top of page

Palmer College

De Funiak Springs, Florida



The Walton County Digital Collection includes both the 1916-1917 Catalogue and the 1916 Palmera.  Diane Merkel of the Walton County Heritage Association has a section on Palmer College in her book on De Funiak Springs.  The De Funiak Springs Herald has a short history of Palmer College in connection with a 1975 school reunion. Florida Memory also has a number of photos from the college online.  








The aim of Palmer College was the “harmonious training and developing of all the faculties of the student’s being—body, mind and soul.”  So in addition to a liberal arts curriculum, students had required daily chapel and a required bible course.  To develop the body, students—both male and female—had daily gymnastics and physical training.  


The catalogue shows an enrollment of 185 in 1916. Sixty-three of these were elementary school students and another 45 were students in the academy.  It is no wonder that one of the teachers wrote in 1920 that “half the dormitories are filled up with little kids”   Students in the departments of music, commerce, and expression/physical culture were counted separately. 


In 1915 students had organized two literary societies—Atheneum and Wallace Bruce.  These participated in intersociety debates.  As at many schools, commencement at Palmer College was a week of drama, musical and forensic events as well as religious observances.


A two-year school in its final years, Palmer closed abruptly in 1936.

The West Florida Normal School had operated at De Funiak Springs from 1887 until 1904, when higher education in Florida was reorganized.  The local Presbytery purchased the property and opened a school so that their children could be “educated under distinctly Christian influences.”  Palmer College, named for Reverend B. M. Palmer, became a school where “playing cards, the use of intoxicating drinks, visiting poolrooms, all vulgar and profane language are positively prohibited.”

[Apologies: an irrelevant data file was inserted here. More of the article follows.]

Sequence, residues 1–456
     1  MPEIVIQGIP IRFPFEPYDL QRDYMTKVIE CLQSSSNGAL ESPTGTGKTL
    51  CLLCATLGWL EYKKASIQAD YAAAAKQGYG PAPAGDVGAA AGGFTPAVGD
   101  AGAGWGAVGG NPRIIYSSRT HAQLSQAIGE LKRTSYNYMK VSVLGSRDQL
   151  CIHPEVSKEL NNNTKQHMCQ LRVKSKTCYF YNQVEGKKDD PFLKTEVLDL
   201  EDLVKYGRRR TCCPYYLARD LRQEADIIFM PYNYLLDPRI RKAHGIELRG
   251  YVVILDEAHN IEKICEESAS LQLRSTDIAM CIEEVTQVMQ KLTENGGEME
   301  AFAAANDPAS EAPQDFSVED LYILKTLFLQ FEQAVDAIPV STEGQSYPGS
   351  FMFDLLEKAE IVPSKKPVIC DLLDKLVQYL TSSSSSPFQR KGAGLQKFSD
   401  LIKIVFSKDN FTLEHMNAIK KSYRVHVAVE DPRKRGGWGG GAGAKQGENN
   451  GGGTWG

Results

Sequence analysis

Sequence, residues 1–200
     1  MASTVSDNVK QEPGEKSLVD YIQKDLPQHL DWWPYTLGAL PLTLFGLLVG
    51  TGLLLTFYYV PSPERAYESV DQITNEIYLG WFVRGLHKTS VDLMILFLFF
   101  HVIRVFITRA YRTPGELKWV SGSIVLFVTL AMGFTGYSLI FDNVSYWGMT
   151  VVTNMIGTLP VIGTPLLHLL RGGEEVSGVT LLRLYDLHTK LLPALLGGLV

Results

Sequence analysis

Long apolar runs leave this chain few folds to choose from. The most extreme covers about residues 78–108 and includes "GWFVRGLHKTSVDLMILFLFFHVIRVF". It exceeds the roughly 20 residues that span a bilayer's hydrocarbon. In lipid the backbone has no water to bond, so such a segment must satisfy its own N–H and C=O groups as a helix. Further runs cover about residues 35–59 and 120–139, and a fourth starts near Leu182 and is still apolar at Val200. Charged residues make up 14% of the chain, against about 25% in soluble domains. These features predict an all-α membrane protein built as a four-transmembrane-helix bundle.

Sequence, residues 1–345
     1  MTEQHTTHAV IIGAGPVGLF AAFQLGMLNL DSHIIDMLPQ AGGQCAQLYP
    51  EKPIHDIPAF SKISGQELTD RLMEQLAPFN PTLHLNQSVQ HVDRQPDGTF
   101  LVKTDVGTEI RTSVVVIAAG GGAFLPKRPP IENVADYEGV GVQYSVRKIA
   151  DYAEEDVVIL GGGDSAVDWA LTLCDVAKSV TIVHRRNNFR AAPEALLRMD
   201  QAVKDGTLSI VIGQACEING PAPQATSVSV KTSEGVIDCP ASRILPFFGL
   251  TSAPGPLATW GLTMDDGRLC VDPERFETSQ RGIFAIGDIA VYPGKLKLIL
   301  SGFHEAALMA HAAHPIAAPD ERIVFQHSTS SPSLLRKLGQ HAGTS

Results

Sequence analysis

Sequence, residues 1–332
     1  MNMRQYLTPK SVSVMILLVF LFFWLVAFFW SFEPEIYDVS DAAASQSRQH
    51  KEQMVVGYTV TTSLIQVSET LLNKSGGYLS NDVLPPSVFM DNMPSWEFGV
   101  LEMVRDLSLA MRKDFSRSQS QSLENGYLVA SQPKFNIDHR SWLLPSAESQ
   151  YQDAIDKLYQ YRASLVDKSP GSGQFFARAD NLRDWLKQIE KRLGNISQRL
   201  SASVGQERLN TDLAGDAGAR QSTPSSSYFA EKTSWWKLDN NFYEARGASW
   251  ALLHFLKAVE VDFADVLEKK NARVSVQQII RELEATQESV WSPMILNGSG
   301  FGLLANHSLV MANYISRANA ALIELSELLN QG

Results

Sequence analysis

Bricks and Mortar

A number of factors made De Funiak Springs an ideal spot for a Presbyterian College.  First, the town was an educational and cultural center for West Florida.  It was a home for the Florida Chautauqua and had been a normal college town.  Second, it was a Christian-friendly town with a supporting church.  Third, it was a recreational center, being next door to the Choctawhatchee National Forest with Lake De Funiak only a few blocks from campus.


The original Palmer College campus consisted of McIlwain Hall, purchased from the state.  A three-story girls’ dormitory was later added.  Finally, Newton Hall, the brick Boys’ dormitory with a gymnasium came in 1913. 

 Newton Hall is the only Palmer College building still standing. Once a state office building, it is now an apartment complex called Palmer House Apartments. (State Archives of Florida, Florida Memory, <>)accessed 1-24-2017


       Colors: Garnet and Gray

       Team name: Lynx and later Tigers


The major sport at Palmer College was baseball.  The 1916 Palmera celebrated a team that won two of three games from Tulane and two of three games from the University of Florida. In the Chautauqua championship, they played a 4-4 tie with a Pensacola “picked nine.” Overall, Palmer compiled a 14-2-1 record that season.


The Tampa Tribune reported that future Cub and Red Sox pitcher “Big Ed” Morris had been invited to pitch for Palmer College after his Marine enlistment was up.  But after telling a professor, “I came to pitch, not to attend classes,” he was sent home. 


In 1916 the Palmera reported that both mens’ and women’s basketball teams had been organized but that neither had played a game.  Tennis was a strong intramural sport with school singles and doubles championships for both men and women.  A five-member team represented Palmer College in the Chautauqua Track and Field championships, finishing second.


College Football Data Warehouse shows little football activity in any year, though there seems to have been a yearly game with Troy (AL) Normal—which Palmer never won.  The Palmer teacher cited above noted that the climate takes the pep out of people and that this “shows still more in football.”

1916 Palmer College baseball team.  Note the trophy. (Walton County Public Library Digital Collection <>) accessed 8-28-2018

Note: Images are used in accordance with their “terms of use” as I understand those terms.  Recopying or republishing these images may be restricted or forbidden. 

bottom of page